Observing the five prayers that God has laid down for us ensures that we will remember Him in times both of ease and of difficulty, and that there will never be a period of more than a few hours in which we do not turn to God. In fact the time when we least feel like praying is often when we need it most, but naturally whenever one wishes to pray one should do so, exploiting the opportunity and the inclination to the fullest.

For prayer times from around the world click here.

  • The social impact of Prayer in society

In the vision of the Quran, Prayer has a social impact. As God says, Prayer distances us from evil, corruption and aggressiveness. The mechanism of this is complex, but it is nevertheless clear that as the inward voyage progresses, the one embarked upon it finds himself simultaneously drawn both into and away from the society which surrounds him. He is drawn into it in the sense that he feels himself to be overflowing with the delight of closeness to God and longs to bring something of this to others, thereby consolidating further its hold within his soul as he begins to live in the service of his fellows. On the other hand, as he discovers that the best things in life are within; so he finds less and less satisfaction in pursuing those thing which the lower reaches of his personality crave: good food, fast cars, power, reputation - the list is familiar.

For each Prayer, they are "cleansing themselves with the water of heaven." If they understand their worship correctly and allow it to purify the interstices of their lives which lie between the Prayers, then each new act of devotion will not merely restore what has been lost, but will provide a step upwards on the ladder of spiritual growth. Every prayer will become more and more absorbing and more and more powerful, until our whole lives are infused with the awareness of God's grace and protection. The more complete the adorer's submission and concentration, the nearer he is to God and hence the more his external character and conduct will be under the control of his inner dictates. Thus, every moment in which we are not at Prayer will become a form of Prayer itself, a form of remembering God, and a consciousness of Him in every aspect of our lives. The world in which we live will thus change in meaning for us, from being a space of taking and profit into a realm of pure service to God and to our fellow men, for as our spiritual horizons widen we will learn to take delight in selflessness.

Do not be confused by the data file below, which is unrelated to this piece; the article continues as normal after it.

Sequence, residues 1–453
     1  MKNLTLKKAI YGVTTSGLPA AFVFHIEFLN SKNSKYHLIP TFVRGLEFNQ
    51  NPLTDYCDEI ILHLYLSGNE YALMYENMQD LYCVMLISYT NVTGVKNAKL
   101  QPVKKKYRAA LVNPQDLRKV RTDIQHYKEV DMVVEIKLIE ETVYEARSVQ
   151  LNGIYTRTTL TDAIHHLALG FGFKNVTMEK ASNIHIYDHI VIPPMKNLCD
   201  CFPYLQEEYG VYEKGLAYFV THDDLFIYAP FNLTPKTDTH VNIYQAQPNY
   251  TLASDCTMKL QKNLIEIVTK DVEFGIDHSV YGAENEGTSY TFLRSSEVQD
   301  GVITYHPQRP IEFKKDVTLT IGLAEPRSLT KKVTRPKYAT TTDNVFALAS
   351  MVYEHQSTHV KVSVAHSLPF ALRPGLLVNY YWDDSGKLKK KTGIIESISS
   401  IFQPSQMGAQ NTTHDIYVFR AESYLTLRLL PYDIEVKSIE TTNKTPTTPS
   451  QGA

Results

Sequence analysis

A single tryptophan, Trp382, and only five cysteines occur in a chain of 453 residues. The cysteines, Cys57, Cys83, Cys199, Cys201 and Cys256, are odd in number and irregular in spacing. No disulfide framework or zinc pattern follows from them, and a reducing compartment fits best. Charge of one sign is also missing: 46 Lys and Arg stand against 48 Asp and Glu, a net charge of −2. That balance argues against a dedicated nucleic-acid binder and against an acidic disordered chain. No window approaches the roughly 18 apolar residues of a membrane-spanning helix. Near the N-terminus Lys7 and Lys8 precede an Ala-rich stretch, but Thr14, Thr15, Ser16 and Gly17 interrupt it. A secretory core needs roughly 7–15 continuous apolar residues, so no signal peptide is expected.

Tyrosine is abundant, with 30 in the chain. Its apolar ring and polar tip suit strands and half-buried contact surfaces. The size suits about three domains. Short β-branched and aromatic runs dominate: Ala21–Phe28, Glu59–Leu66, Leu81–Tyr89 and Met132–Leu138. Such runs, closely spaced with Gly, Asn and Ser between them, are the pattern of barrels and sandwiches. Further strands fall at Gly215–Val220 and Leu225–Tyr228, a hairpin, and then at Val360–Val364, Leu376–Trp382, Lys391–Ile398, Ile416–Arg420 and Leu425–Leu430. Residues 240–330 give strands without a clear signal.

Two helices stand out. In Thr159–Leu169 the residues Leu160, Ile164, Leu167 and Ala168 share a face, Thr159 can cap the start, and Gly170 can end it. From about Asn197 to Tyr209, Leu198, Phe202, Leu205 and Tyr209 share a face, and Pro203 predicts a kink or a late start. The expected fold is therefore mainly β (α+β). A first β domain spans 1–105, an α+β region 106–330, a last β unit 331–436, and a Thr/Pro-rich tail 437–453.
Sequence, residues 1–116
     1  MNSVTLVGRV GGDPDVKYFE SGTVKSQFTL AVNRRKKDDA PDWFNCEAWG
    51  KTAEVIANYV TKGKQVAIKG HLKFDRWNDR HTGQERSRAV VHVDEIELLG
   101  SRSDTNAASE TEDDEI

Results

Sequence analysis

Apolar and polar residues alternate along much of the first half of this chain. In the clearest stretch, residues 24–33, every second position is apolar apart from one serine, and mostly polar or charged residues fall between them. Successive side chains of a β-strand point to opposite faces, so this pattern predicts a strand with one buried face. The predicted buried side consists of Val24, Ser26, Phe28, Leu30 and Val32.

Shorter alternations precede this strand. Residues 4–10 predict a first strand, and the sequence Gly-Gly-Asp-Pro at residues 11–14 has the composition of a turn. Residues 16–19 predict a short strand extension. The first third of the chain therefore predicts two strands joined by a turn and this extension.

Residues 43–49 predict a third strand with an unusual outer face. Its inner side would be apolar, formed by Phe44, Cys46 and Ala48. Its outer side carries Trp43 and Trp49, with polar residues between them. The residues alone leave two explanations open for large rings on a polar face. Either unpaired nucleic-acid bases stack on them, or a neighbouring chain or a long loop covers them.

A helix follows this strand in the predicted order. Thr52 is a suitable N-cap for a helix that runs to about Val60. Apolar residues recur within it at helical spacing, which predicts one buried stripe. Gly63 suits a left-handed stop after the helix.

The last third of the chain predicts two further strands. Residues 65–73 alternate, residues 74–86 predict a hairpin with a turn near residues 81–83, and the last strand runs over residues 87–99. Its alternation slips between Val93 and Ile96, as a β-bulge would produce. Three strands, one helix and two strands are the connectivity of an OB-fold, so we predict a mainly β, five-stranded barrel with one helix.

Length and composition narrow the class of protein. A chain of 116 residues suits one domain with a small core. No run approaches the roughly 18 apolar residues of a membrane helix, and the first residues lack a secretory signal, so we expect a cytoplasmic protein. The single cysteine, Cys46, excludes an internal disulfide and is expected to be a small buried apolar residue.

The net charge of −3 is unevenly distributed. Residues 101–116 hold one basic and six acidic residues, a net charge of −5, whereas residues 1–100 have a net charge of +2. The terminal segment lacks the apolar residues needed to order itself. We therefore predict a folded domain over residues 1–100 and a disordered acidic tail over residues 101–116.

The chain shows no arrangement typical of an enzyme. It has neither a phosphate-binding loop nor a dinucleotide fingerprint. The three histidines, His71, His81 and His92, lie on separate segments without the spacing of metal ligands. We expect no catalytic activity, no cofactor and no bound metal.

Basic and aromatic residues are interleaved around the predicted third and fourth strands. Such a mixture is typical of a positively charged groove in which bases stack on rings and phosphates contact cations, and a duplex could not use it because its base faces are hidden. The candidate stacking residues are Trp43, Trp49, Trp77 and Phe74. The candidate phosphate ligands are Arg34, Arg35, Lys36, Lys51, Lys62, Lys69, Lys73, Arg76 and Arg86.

These two opposing forces do not, in fact, clash, as secular critics of religion would claim. Rather, they create a new and radical synthesis in the human personality. For the man or woman who is transformed by regular Prayer is also undergoing a basic change in his or her social function. No longer is such a person essentially a consumer, sleepily sucking at the teat of the materialistic golden calf; instead he shows himself concerned with improving society. This explains why to take a walk down any old street in Cairo or Damascus is to notice not only ancient and imposing mosques, but also public water fountains, schools, hospitals, and aqueducts, which are the direct result of the presence of those mosques.

The life of Prayer as understood in Islam is a fundamental challenge to the modern attitude to the individual's role in society, which is defined mainly as his contribution to the utilitarian, soulless contract of production and consumption. The Muslim life rises above this mechanical estimate of man, for Islam is founded, as it always has been, on the selfless pursuit of sanctity and of what is in society's interests, regardless of the possibility of reward.

  • The significance of the Fatiha

The opening chapter of the Quran, sura al-Fatiha, 'The Opener', constitutes the principal text of every canonical prayer, such that if it were neglected the Prayer would be regarded as not having been performed.

The Opener

In the Name of God, the All-Merciful, the Compassionate
Praise be to Allah, the Lord of the Worlds
The All-Merciful, The Compassionate
Master of the Day of Judgement
You alone do we worship and unto You alone do we turn for help
Guide us to the Straight Path
The path of those whom You have favoured
Not those who have incurred Your wrath, nor those who are astray